Vodafone employee sacked for Samoan slurs

Vodafone NZ acted properly in sacking a call centre worker who was seen ignoring a business call and who sent inappropriate emails to staff and friends while using a workplace email address, the Employment Relations Authority has found.

In a just-released ruling, the authority dismissed Papataia Toleafoa's personal grievance appeal over being dismissed from her customer service role in February.

In January, she was found to have sent an email from her work address telling a friend she was going home early.

''I'm off home, coz I've told my pule that I'm going home coz I'm stressed. Aoooo, fia ki'o more like it.'

"Pule" meant boss and ''fia ki'o'' translated into ''going for a s**t'', the authority said in its ruling.

In another email to the friend she referred to her boss in Samoan terms for "dickhead" and "f***wit".

She also asked in an email to three staff members, if they thought another of the staff ''talks like a cow chewing on grass''.

The authority said the company's inquiry into Toleafoa's behaviour began after she sent a group email to 200 co-workers about union membership.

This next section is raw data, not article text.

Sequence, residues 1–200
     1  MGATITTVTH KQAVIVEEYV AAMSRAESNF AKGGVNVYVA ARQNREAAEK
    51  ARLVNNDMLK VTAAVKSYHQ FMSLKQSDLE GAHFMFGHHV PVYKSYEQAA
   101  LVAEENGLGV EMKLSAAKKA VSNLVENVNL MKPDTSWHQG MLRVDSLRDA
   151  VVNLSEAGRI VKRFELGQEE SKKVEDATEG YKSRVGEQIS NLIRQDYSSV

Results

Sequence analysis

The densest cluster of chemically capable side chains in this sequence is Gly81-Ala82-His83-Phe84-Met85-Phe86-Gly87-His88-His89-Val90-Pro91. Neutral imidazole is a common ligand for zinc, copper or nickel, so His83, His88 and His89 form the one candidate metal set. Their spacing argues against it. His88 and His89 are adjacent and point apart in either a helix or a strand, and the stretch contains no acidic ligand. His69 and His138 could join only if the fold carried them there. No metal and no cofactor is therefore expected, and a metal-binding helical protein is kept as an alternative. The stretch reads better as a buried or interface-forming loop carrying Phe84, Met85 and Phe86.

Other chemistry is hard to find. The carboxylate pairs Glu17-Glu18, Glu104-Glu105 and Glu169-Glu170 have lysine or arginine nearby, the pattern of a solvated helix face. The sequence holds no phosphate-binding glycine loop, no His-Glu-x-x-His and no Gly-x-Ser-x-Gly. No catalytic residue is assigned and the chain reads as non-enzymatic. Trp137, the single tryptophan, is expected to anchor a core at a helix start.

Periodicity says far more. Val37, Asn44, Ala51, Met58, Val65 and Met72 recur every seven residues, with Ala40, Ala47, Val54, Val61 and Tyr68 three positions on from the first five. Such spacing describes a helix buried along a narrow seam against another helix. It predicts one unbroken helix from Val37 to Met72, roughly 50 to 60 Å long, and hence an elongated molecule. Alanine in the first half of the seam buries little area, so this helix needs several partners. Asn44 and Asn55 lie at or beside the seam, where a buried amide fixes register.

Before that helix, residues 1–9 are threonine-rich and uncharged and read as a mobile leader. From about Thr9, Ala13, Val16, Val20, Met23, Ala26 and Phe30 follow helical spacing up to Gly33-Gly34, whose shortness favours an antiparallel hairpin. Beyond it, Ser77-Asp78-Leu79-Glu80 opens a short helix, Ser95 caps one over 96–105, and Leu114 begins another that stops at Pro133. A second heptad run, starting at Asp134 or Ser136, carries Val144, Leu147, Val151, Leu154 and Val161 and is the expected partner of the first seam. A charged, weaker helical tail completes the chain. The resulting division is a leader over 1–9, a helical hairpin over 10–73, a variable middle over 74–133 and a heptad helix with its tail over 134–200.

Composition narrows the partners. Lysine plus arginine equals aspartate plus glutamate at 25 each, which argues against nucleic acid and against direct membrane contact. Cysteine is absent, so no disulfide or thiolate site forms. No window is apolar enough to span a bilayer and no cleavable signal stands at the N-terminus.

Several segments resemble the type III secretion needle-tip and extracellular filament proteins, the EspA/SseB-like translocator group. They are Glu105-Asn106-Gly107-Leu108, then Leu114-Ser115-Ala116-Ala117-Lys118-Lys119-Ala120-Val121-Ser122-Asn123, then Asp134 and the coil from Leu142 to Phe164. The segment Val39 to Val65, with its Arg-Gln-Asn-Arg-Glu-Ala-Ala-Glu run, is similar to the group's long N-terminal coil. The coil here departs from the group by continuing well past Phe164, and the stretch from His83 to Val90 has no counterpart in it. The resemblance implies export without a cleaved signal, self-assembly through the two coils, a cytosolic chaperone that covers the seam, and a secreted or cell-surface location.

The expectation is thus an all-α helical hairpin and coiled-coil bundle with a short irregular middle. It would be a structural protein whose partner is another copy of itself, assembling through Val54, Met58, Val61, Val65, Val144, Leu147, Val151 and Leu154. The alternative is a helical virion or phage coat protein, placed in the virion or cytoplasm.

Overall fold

In the emails she encouraged staff to join the Unite union and challenged a manager's comments about whether or not improvements to staff conditions resulted from union negotiations.

She was told by her manager not to send bulk emails to staff from her work address for non-business purposes.

While under investigation, she was seen ignoring a business call at her workstation so she could make a personal call.

The Authority found ''no satisfactory explanation'' in her evidence as to why she could not have waited until a scheduled break or told her supervisor she needed to make an urgent call.

Toleafoa told the authority the call was to her husband about a family event on the weekend.

The emails with derogatory comments about staff were discovered during the investigation by Vodafone management following a meeting with Toleafoa.

In January she emailed two cousins and her sister about getting into trouble at work and asking for their advice.

In February, responding to an email from Vodafone asking for volunteers for a project, Toleafoa responded ''mayb a payrise wld b better? Ooopos, better be careful, they'l pull my email and take it the wrong way''.  

Toleafoa protested that the later emails were personal and her union representatives described them as private conversations including ''throw away comments'' and that company policy allowed employees to send personal emails.

In its ruling, the authority said that whatever Toleafoa might choose to say about her managers in genuinely private situations, ''she took the risk of disciplinary [action] when she made derogatory comments about them during working hours and while using Vodafone NZ's own technology and resources".

The language used by Toleafoa in the emails justified the company's finding of misconduct, the authority said.

- Fairfax NZ